Planta Med 2018; 84(08): 507-518
DOI: 10.1055/s-0043-122501
Biological and Pharmacological Activity
Original Papers
Georg Thieme Verlag KG Stuttgart · New York

Cardioprotective Effect of Hydroxysafflor Yellow A via the Cardiac Permeability Transition Pore

Gavin A. Huber
Department of Physiology, Kirksville College of Osteopathic Medicine, A. T. Still University of Health Sciences, Kirksville, MO, USA
,
Sydney M. Priest
Department of Physiology, Kirksville College of Osteopathic Medicine, A. T. Still University of Health Sciences, Kirksville, MO, USA
,
Timothy P. Geisbuhler
Department of Physiology, Kirksville College of Osteopathic Medicine, A. T. Still University of Health Sciences, Kirksville, MO, USA
› Author Affiliations
Further Information

Publication History

received 06 June 2017
revised 26 October 2017

accepted 02 November 2017

Publication Date:
17 November 2017 (eFirst)

Abstract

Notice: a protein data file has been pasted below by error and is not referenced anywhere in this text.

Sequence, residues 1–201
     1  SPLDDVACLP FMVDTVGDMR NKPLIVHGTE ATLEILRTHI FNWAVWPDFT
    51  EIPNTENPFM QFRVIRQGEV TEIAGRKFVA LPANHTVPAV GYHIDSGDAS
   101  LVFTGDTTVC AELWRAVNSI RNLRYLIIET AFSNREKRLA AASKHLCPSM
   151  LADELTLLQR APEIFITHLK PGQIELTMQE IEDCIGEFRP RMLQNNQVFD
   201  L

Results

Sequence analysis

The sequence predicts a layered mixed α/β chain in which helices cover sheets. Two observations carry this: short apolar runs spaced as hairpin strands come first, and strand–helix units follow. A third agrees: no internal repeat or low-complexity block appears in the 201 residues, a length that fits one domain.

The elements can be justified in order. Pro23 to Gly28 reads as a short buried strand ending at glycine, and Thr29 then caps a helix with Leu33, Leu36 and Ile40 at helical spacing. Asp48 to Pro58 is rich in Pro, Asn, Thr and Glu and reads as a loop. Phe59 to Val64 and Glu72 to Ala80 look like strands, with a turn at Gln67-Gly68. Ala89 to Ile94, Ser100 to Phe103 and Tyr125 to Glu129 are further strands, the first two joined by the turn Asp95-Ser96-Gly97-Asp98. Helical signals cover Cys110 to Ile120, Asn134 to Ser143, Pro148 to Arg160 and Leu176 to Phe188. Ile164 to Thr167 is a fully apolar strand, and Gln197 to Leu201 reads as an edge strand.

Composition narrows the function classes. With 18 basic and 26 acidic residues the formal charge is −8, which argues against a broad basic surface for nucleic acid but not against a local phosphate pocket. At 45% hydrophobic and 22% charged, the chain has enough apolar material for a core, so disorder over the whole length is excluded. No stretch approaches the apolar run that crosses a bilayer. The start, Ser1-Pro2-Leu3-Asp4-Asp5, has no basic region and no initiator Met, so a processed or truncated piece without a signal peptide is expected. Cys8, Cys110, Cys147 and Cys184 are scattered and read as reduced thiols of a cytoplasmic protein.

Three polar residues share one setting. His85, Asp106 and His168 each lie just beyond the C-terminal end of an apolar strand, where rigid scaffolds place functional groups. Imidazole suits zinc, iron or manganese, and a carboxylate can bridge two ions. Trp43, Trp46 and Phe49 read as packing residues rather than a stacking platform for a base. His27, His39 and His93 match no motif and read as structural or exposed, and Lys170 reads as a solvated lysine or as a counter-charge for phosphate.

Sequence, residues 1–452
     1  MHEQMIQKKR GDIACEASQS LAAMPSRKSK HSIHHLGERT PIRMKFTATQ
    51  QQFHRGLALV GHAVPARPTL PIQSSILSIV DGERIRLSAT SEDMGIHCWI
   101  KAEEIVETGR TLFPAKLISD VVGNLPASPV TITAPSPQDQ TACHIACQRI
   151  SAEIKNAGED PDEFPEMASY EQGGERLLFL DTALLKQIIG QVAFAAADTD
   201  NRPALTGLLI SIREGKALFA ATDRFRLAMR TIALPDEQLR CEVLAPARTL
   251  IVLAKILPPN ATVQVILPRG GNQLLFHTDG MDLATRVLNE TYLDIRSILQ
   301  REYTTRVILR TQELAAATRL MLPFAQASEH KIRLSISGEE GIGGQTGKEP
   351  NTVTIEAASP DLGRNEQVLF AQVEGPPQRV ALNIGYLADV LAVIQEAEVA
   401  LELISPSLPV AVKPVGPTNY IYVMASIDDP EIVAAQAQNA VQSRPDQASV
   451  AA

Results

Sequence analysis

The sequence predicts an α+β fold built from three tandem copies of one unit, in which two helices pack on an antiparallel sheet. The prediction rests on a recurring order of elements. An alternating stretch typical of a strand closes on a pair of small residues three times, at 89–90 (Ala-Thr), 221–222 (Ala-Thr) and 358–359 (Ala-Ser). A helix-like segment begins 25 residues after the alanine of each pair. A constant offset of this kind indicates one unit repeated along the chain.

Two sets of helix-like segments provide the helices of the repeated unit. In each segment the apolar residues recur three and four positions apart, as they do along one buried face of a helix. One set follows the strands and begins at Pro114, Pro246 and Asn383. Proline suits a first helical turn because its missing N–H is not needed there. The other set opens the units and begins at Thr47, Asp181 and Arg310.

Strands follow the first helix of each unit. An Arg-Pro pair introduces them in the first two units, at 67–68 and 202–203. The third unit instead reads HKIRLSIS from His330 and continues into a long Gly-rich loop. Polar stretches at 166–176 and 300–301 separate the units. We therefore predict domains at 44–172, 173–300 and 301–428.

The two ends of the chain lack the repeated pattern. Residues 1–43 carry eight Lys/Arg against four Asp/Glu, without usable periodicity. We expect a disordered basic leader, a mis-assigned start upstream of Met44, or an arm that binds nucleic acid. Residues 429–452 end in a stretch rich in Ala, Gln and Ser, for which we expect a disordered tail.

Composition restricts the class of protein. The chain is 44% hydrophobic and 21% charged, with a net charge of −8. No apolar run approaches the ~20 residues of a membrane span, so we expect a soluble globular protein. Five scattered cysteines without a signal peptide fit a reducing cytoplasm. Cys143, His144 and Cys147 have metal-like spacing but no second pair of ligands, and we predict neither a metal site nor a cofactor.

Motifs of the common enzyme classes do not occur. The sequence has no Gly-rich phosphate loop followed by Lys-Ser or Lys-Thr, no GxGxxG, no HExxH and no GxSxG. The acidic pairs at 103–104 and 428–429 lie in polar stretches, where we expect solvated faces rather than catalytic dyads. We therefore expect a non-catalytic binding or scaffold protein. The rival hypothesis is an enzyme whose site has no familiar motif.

Myocardial ischemia damages cardiac myocytes in part via opening of the mitochondrial permeability transition pore. Preventing this poreʼs opening is therefore a useful therapeutic goal in treating cardiovascular disease. Hydroxysafflor yellow A has been proposed as a nontoxic alternative to other agents that modulate mitochondrial permeability transition pore opening. In this study, we proposed that hydroxysafflor yellow A prevents mitochondrial permeability transition pore formation in anoxic cardiac myocytes, and thus protects the cell from damage seen during reoxygenation of the cardiac myocytes. Experiments with hydroxysafflor yellow A transport in aerobic myocytes show that roughly 50% of the extracellular dye concentration crosses the cell membrane in a 2-h incubation. In our anoxia/reoxygenation protocol, hydroxysafflor yellow A modulated both the reduction of viability and the loss of rod-shaped cells that attend anoxia and reoxygenation. Hydroxysafflor yellow Aʼs protective effect was similar to that of cyclosporin A, an agent known to inhibit mitochondrial permeability transition pore opening. In additional experiments, plated myocytes were loaded with calcein/MitoTracker Red, then examined for intracellular dye distribution/morphology after anoxia/reoxygenation. Hydroxysafflor yellow A-containing cells showed a cardioprotective pattern similar to that of cyclosporin A (an agent known to close the mitochondrial permeability transition pore). We conclude that hydroxysafflor yellow A can enter the cardiac myocyte and is able to modulate anoxia/reoxygenation-induced damage by interacting with the mitochondrial permeability transition pore.